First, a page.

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Home Inspection finds a buried oil tank.

Jul 21, 2021 11:03:09 AM / by david sulock posted in OIl Tank Sweeps, tank sweep, gpr tank swep, foam filling oil tank, gpr tank sweeps, gpr tank scan

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What  happens when a home inspection finds a possible underground oil tank?

A common request our office receives regarding a tank sweeps.

"Hello, I'm selling my home and we suspect that the buyer did a tank sweep with a metal detector vs GPR. They supposedly think they found a tank on the property. We do not see any evidence of a tank, nor was one disclosed by the previous owner (who bought the home in the 70s, house is 80 years old). Is it possible that this 'tank' is just a gutter drain pipe, part of our sprinkler system and/or rubble backfill such as a chunk of concrete sidewalk with rebar or metal containing soil? If so, would a GPR scan be conclusive? Thanks."

This is a common situation we get from property owners who are told they have a buried oil tank.   The owner has the question regarding if the meta detector is reliable.    Here are some common talking points...
  1. The property owner is unclear how the suspect tank was found.  Was it found with a Metal detector, or  Ground Penetrating Radar or both? (both GPR and a metal detector would be best) The solution would be having the owner receive a copy of the Tank Sweep Report so they would have a baseline regarding what they found and where. Yes, every professional service should come with a report, no report, then question how professional the service was.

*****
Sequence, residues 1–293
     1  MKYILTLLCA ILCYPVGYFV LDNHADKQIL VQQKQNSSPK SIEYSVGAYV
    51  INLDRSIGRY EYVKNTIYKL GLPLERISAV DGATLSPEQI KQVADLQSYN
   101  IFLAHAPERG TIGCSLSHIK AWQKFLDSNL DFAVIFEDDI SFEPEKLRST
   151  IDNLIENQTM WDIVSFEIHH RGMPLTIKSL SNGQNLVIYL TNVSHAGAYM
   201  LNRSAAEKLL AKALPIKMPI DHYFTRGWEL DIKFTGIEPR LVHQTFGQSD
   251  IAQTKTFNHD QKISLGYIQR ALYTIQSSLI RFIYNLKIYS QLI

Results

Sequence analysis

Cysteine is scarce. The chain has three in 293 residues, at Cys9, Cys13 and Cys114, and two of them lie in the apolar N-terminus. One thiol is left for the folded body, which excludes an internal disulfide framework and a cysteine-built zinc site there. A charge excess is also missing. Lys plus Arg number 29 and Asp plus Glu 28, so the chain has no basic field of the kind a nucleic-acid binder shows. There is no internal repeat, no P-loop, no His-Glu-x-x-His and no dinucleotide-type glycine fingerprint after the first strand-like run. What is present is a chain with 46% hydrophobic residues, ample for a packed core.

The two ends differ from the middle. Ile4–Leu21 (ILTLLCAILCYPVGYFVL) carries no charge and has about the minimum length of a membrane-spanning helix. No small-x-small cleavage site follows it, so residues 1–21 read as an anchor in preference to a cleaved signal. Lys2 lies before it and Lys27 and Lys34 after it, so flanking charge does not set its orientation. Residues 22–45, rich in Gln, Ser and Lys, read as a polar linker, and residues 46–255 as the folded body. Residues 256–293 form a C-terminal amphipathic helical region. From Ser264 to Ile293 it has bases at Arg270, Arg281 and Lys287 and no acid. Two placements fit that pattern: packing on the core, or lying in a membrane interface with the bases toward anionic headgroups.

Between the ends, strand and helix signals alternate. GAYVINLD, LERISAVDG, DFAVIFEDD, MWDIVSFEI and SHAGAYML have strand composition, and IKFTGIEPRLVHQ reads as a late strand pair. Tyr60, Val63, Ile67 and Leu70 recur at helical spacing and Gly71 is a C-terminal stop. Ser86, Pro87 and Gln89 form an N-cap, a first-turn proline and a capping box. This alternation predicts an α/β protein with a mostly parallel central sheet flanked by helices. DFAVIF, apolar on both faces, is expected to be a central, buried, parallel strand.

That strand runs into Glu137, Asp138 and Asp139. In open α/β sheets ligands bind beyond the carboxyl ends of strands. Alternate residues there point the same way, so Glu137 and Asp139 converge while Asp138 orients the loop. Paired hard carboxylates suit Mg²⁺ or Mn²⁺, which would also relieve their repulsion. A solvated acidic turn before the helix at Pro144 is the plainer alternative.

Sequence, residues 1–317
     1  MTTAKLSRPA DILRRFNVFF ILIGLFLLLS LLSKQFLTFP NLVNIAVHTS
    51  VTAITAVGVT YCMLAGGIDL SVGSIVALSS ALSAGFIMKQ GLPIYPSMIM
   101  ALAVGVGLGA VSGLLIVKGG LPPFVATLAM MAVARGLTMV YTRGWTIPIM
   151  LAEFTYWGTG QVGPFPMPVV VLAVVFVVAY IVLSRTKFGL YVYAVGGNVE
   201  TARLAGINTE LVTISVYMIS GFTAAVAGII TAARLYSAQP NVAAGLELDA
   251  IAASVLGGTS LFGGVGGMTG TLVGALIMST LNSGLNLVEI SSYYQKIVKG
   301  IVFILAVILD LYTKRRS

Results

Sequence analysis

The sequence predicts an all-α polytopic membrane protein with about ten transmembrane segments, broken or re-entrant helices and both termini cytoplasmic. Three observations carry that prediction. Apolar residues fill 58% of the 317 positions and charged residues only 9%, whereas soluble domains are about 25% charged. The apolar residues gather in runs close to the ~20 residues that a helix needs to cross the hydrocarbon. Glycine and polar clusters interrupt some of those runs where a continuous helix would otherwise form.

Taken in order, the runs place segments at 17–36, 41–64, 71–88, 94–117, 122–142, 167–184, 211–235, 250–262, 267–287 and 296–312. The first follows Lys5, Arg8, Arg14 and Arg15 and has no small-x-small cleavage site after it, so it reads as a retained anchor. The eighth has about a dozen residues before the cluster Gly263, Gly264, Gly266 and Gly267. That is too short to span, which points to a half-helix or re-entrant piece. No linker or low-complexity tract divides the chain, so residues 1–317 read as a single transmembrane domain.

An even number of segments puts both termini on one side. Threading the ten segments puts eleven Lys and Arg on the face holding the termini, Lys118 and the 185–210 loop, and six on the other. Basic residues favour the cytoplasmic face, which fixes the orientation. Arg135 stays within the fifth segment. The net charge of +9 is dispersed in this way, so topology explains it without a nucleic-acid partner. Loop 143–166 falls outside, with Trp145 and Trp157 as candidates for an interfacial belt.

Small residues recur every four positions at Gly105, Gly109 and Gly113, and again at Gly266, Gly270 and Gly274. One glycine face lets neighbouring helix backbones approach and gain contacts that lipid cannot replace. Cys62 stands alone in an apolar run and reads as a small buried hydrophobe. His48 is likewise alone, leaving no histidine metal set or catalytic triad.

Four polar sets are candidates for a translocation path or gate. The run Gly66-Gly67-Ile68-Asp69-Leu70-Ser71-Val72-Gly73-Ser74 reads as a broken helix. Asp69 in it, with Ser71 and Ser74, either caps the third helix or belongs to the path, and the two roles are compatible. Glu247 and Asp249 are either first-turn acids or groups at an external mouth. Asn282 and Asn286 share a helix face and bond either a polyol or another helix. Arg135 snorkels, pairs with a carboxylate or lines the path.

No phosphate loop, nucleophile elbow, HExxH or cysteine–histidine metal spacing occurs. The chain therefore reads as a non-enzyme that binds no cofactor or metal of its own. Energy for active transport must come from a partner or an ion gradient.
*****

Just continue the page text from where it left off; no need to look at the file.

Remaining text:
2. The property is over 70 years old, so while the owner has no knowledge that there was an oil tank, they also have no documentation that there was not an oil tank. A 70 year old property most likely had oil heat at one point in time as oil was very popular in the past and other fuel sources such as natural gas was not commonly available or financially appealing until the 1970's.
  3. The tank scan found a buried object, presumably metal. If only a metal detector was utilized, you can't say 100% if the metal found is a tank as metal detectors detect metal and properties have all sort of buried metal. Metal can be in the soil naturally, you could have buried debris, buried metal pipes or surface metal (like a fence) that distracted the metal detector and have a false buried metallic signature reading. Happens all the time. A metal detector on a sandy beach is great it will find buried metal, likely a bottle cap, but people hope for coins or expensive jewelry. People paying a couple hundred dollars for someone to use an $800 metal detector to find a tank are also helpful.